The Summit has come and gone. What was agreed to? It will be anyone’s guess as the media now will try and chase down the detail. Lord knows, we will be unable to rely on the President. What we are left with is Trump’s own magnified sense of what he can negotiate. As Dan Balz of the Washington Post wrote:
The president is counting on his personal skills to convince Kim that abandoning North Korea’s nuclear weapons program, and the security it provides him, is in his country’s and the world’s best interests. That will require hard bargaining in the future. But the joint communique signed by the two leaders offered scant concrete evidence to back up the North Korean leader’s pledge to “complete denuclearization.
So, we are likely to witness an almost endless cycle of media efforts to determine what was agreed to by the DPRK and the U.S. So, enervating! And meanwhile as Balz makes clear we will wilt under the impetuosity of an ill-disciplined President.
To reach the goals Trump has outlined will require discipline and commitment that has not been part of the president’s foreign-policy tool kit. And he must resist the kind of impetuousness he displayed on his way to Singapore when he abruptly withdrew U.S. support for a joint communique negotiated with other nations at the Group of Seven meeting in Canada. Allied Brass PR-2 16TB-SCH 16-Inch by 5-Inch Double Glass Shelf at Canadian Prime Minister Justin Trudeau’s post-meeting news conference created a rupture in relations with America’s closest allies.
Image Credit: cnn.com
What a weekend of summitry! Look at that intense discussion among leaders. A deeply troubled alliance; and a deeply fractious G7 meeting in Canada.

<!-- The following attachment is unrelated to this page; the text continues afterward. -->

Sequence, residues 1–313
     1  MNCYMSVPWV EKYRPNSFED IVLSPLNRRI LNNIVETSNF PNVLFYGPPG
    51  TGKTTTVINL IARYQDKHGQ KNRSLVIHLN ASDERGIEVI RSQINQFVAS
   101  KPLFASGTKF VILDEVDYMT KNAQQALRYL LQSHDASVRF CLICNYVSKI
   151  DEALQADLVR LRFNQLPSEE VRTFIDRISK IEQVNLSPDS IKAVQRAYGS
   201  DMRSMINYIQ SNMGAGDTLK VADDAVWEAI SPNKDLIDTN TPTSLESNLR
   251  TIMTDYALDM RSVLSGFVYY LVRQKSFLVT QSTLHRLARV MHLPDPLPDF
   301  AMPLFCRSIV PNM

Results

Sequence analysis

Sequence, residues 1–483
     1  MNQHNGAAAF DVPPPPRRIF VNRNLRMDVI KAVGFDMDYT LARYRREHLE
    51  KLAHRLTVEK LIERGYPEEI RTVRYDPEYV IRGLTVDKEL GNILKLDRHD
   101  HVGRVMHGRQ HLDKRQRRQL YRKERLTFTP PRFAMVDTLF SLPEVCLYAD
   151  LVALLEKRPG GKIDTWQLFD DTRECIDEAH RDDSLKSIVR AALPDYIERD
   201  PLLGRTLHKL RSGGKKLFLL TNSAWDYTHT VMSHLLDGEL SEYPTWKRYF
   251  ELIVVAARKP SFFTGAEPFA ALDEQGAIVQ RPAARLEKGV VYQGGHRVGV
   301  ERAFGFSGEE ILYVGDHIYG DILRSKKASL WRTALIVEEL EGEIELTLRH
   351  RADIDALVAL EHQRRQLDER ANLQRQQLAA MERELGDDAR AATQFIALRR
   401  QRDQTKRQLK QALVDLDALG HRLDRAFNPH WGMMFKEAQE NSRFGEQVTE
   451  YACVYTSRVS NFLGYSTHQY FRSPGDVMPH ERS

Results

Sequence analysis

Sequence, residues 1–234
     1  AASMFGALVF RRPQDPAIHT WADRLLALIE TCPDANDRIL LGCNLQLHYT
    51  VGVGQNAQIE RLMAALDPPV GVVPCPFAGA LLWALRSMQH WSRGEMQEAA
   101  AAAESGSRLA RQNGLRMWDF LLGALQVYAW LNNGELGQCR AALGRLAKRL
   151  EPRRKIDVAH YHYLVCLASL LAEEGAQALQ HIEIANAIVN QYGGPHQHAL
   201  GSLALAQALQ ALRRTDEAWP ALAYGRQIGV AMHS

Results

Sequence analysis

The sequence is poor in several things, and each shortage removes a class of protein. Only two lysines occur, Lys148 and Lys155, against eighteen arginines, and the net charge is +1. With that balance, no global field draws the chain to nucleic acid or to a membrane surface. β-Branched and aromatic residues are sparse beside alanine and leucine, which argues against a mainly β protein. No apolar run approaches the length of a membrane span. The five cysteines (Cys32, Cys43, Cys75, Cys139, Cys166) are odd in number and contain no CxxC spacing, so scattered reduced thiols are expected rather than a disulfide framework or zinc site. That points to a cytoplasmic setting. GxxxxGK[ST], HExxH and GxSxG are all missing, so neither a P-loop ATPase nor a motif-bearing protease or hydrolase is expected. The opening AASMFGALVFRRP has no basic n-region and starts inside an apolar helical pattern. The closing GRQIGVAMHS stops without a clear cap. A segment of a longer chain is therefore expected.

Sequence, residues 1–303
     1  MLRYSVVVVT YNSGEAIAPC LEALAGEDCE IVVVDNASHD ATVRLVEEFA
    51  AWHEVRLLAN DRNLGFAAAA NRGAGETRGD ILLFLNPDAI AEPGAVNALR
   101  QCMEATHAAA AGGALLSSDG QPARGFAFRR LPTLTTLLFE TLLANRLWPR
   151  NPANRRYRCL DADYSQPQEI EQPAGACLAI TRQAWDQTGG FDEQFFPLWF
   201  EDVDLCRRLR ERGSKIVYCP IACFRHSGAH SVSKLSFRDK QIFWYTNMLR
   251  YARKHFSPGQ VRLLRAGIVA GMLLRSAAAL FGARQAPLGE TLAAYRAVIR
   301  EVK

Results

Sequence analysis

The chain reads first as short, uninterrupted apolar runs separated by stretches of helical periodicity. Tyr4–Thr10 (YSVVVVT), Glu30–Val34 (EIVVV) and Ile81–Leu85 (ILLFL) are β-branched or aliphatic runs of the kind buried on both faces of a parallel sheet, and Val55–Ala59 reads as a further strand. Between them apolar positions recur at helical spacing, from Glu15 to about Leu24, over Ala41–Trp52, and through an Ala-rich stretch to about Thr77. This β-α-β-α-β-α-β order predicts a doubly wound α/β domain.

There is much one could comment on but let me just frame one encounter. First, it this Trump statement – his call for readmitting Russia to the G7, returning it to the G8 is Trump at his most incendiary. If nothing else he is the master of controlling the news cycle.
Leave aside the fact that such a readmittance would have to be agreed to by all the members. It was evident that the statement by Trump took everyone by surprise.
And leave aside that in his initial statement where he failed to raise the Russian annexation of Crimea and Russia’s current involvement in the Ukraine, though later he suggested it was a long time ago.
Leave all these matters aside. The call by Trump for Russian readmittance is really a most odd reflection on the architecture of global summitry. It has me baffled. Here is Trump’s original comment:
Whether you like it or not, and it may not be politically correct, we have a world to run and in the G7, which used to be the G8, they threw Russia out. They should let Russia come back in because we should have Russia at the negotiating table.
Yes, Russia has been ousted by the G7. But there is a G20. And, indeed Russia is a member of the G20, last I looked. And if Trump is truly convinced that these countries – the G7 – have a ‘world to run’ well, might I suggest Trump consider China before he worries about giving his pal Putin a pass on the Crimea and the Ukraine and invites Russia back in.
Image Credit: Jesco Denzel/German Federal Government, via Reuters
You’d have to be in Antarctica, maybe not even there, not to see the growing chaos in the liberal international order (LIO) since Donald Trump’s election as the 45th President of the United States. And, it is evident that the election of the ‘Great Dismantler’ does not nearly explain the growing turbulence in international relations. Rising great power rivalry, the rise of populist leadership in liberal democrat countries and the growing authoritarian swath of global leadership – all this, and more. impact and undermine the LIO.
So, it is fitting, I think, to announce the ‘First Glance’ series at the RisingBRICSAM blog. On the weekend of the G7 in Charlevoix, Quebec with Trump anger and accusations at full tilt targeting his G7 allies, and Trump’s early departure to fly to Singapore for his summit encounter with the DPRK’s Kim Jong Un, it is the right time to rev-up the blog.
The ‘First Glance’ posts will, I hope be relatively frequent. They likely will be shorter than the traditional RisingBRICSAM posts – more from the hip, but with a desire to inform closer in ‘real time’. The LIO is under stress and from the country most responsible for its building. What is happening, and the course of international relations and the LIO demand greater attention.
Here’s to ‘First Glance’.
Alan S Alexandroff